By Tim Cox
A joint effort between the city of Celina and Mercer County to build a new sewer treatment plant looks more likely as officials plan to sign a letter of intent asking the Ohio EPA to study the issue.
City administration officials and county commissioners reached a consensus agreement Thursday to seek an EPA feasibility study for siting a new sewer plant northeast of the city. The joint sewer project grew out of talks between the two government entities about working together on a central water system. The sewer issue, though, has now taken center stage because the plan meets short-term and long-term goals of both sides.
Officials continue to discuss a joint water project, but those talks are bogged down due to different needs of the city and county. Group members decided to resume monthly meetings after a lengthy hiatus so the projects can move forward.
Several in the group envision a regional water and/or sewer district to serve Celina and the surrounding rural area.
A joint sewer treatment plant would provide several benefits, officials said. Properly sited, the plant would help pave the way for a future joint water plant, they said. The Great Lakes compact heavily restricts "diversions" of water from the Great Lakes watershed, and that continental divide snakes its way through the northern portions of Celina. By rule, ground water could not be drawn from the Great Lakes watershed unless it is eventually returned as treated effluent to the original watershed. Celina's current sewer plant lies well south of the divide.
By building a sewer plant north of that line, officials would remove that obstacle because the compact's rules would not be in effect. A central water plant then would be more likely because the county's proposed well field east of Celina would not be geographically limited by the continental divide. The well field is now limited in potential size because it lies near the continental divide with Grand Lake not far to the south.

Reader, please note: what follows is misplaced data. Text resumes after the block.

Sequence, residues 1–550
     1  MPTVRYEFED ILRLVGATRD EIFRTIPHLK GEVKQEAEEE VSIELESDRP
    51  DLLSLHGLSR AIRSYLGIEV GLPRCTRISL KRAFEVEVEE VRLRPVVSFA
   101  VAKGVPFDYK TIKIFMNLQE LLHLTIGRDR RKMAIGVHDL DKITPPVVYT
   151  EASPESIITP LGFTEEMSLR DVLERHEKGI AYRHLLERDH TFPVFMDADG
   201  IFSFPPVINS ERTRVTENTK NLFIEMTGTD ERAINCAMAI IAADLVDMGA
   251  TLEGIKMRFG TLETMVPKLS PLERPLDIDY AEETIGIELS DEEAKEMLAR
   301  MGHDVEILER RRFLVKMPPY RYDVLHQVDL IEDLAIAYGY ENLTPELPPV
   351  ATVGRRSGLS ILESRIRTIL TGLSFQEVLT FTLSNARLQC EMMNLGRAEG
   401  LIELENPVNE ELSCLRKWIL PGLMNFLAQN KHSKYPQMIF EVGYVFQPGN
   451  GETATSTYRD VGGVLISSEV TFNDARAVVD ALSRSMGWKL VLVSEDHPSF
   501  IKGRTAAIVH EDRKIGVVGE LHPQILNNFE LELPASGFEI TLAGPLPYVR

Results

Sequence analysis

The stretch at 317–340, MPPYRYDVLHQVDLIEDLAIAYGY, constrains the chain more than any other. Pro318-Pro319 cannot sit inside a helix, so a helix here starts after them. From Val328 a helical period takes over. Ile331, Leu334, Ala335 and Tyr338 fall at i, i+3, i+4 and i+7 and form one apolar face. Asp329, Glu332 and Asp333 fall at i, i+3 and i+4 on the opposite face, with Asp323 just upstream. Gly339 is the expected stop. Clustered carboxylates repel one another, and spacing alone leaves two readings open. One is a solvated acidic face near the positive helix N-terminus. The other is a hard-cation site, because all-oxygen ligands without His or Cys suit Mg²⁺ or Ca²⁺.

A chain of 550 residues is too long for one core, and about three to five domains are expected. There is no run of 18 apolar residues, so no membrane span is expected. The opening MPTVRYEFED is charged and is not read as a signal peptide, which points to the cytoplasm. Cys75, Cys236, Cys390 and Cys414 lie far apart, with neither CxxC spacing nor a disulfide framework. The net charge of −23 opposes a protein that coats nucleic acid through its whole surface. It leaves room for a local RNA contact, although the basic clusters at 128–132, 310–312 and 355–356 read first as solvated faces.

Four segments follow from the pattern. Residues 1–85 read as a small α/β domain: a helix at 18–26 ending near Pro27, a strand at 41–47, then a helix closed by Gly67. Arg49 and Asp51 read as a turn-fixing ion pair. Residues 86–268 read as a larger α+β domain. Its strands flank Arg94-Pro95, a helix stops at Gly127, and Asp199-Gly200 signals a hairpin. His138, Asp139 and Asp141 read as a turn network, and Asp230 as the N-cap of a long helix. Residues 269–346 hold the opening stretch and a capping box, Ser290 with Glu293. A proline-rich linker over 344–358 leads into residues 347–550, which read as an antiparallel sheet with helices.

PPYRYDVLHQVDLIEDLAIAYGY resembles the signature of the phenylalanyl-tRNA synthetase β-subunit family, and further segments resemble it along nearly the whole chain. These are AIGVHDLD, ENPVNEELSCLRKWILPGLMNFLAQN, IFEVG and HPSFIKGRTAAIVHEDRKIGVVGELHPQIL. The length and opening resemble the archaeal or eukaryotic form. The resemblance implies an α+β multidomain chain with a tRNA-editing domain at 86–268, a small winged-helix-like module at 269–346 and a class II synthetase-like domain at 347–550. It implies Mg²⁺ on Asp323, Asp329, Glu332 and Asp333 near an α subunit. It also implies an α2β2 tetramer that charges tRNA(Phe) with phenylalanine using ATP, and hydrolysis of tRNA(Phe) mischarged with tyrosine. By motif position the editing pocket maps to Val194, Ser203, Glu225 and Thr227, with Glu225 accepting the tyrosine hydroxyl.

A northern sewer plant also could handle some of the capacity at the Celina plant now used by rural county users east of the city. That additional capacity is an economic tool that helps lure potential industrial development, Fanning-Howey engineer Jared Ebbing said.
Celina city development consultant Kent Bryan agreed. Although the city's sewer plant could handle the addition of an ethanol plant to its system, the city cannot continue to pump sewage several miles back into the central gravity-driven portion of the pipes. Continued expansion east of the city would eventually require large mains to be replaced with bigger pipes, all in the heart of the city, Bryan said.
"Logic says there needs to be planning for a future plant to the north," Bryan said.
Ebbing called on the group to forge a "concise, fundamental plan that makes sense for the whole region."
Long before any new plant can be built, the group must decide for sure whether they will work together, and in what form that will take. They could operate under an arrangement similar to existing contract agreements that provide city water and sewer service to rural residents, but the county maintains ownership of the rural infrastructure.
One entity could turn over operations to the other government body or the city and county could set up a central water and/or sewer district with its own governing board. There also are variations on how a central district could be set up.